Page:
Going Underground by Susan Vaught

Friday, September 21, 2012

Things I was expecting this book to be:

1. On the cover of my copy there is a quote that says "Few will be able to look their cellphone[s] in the screen without a shudder and a 'what if...?'" - BCCB. Which made me incredibly excited, thinking that this would be a book about mobile phones taking over people's brains! Like The X-Files episode Blood (everything is an X-Files episode, and if it's not it will have been a Simpsons episode). I do so love technology controlling us and turning us evil (in fiction!). Unfortunately that is not what this book is about. I would love it if someone did write a book about evil mobile phones, though.

2. The title is 'Going Underground', and considering the amount of musical references in the book I am surprised the Jam song of the same name wasn't mentioned. (I loved the song references, despite the fact that they tended to be a little obscure and may date quickly, though the whole subject matter of the book will date quickly.) I was expecting something more death-centric. Again, mobile phones killing people. As it is, the protagonist just works as a grave digger.

3. The blurb on the back of the book begins: Del's not a bad guy. He's just a misunderstood criminal. (I dislike the word blurb. Blurb, blurb, blurb. It's like how an alien speaks.) The book is structured to jump between the present day and the event three years ago that derailed Del's life, where he became a criminal. It was suspenseful and well-placed, but what the crime actually turned out to be was quite anti-climactic. I was expecting this to be a book that made the reader empathise with a character that was genuinely bad or had done genuinely bad things. But no! The protagonist is likeable, and not a bad person at all. I was expecting something dark and twisted and it wasn't.

What this book actually was about (This is where I get a little bit spoiler-iffic, so look away now if you're planning on reading and want to be surprised. It's very easy to guess, however): sexting*.

Should I have opened with the blurb? Here's the blurb:
Del is a good kid who’s been caught in horrible circumstances. At seventeen, he’s trying to put his life together after an incident in his past that made him a social outcast—and a felon. As a result, he can’t get into college; the only job he can find is digging graves; and when he finally meets a girl he might fall in love with, there’s a sea of complications that threatens to bring the world crashing down around him again. But what has Del done? Basing her story on real-life cases of teens in trouble with the law for texting explicit photos, Susan Vaught has created a moving portrait of an immensely likable character caught in a highly controversial legal scenario.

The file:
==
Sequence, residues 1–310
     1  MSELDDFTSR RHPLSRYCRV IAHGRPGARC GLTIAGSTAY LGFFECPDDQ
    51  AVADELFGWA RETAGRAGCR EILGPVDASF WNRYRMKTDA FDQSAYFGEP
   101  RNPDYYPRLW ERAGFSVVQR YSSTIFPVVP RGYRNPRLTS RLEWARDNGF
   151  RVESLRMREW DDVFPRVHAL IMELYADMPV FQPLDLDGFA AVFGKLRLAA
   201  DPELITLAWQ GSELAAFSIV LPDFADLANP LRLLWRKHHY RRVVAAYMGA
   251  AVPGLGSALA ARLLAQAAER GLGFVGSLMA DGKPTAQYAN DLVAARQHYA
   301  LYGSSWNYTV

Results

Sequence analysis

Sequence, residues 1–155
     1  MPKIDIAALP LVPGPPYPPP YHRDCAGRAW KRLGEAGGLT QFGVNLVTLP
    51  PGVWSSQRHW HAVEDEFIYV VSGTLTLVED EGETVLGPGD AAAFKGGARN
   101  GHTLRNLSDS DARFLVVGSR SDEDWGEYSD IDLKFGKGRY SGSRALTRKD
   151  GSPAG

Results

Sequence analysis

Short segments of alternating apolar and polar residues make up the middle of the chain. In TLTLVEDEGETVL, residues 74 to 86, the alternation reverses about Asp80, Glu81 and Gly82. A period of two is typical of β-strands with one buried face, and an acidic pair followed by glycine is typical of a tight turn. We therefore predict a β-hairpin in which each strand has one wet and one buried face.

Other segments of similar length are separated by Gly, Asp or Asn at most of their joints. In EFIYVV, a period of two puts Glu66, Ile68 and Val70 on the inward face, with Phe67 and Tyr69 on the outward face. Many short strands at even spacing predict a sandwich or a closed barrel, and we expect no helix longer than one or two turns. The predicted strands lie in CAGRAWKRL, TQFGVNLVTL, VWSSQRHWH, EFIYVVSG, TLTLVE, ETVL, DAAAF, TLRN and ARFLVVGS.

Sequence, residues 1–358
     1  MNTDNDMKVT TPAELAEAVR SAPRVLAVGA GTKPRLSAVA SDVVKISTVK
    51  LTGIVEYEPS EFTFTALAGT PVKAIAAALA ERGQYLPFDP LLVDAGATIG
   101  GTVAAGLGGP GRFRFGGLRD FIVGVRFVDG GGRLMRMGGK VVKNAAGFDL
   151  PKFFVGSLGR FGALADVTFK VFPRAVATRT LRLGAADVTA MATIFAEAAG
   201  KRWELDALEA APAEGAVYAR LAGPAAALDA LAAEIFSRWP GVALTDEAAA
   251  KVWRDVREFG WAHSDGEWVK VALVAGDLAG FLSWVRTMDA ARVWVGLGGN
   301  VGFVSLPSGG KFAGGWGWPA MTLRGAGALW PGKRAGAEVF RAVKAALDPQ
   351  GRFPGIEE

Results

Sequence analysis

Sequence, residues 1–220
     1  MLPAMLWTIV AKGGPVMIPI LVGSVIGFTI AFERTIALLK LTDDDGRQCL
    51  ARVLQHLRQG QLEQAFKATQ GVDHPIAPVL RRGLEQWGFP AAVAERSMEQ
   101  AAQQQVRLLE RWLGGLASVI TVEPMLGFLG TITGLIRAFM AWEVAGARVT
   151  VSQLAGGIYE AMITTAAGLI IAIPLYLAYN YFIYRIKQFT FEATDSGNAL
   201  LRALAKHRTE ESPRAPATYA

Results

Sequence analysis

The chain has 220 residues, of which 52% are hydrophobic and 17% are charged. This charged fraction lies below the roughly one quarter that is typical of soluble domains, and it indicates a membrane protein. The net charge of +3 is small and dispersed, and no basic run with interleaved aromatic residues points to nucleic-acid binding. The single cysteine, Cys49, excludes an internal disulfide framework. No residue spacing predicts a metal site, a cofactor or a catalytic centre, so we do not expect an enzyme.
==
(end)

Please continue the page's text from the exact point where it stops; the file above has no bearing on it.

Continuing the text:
I think this is suitable for the twelve and up YA readers, as the issue is well-handled. I think as an older reader, the story is less impactful. It would've been more surprising had I read it at twelve or thirteen, and I think the older you become the less you tolerate 'lessons' in books, as subtle as they are. I remember 'sexting' being a shocking thing that was reported on a lot five or six years ago, but I'm not sure whether that's just because that was when it first came to my attention (I was, and remain, really grossed out).

This book does tend towards just being an 'issues' novel, but it's still well-written and full of interesting characters and is genuinely enjoyable. It doesn't demonise any of the characters for their behaviour (except the attorney who prosecutes the kids, who doesn't feature in the book at all, but is mentioned as being fairly nasty), as many discussions regarding sexting do. It's not about how promiscuous/irresponsible/downright awful kids today are - the characters are largely realistic and endearing, and what happens to them occur due to naivety and general unfairness, rather than due to any big moral issue with The Youth of Today. So I liked how the issue was dealt with.

Going Underground balances humourous and serious moments well, is an easy read and I think very accessible for younger readers and both girls and boys.

 *I am not aware of any actual teenager who uses the word sexting. I bet whoever came up with it felt really smart, though.
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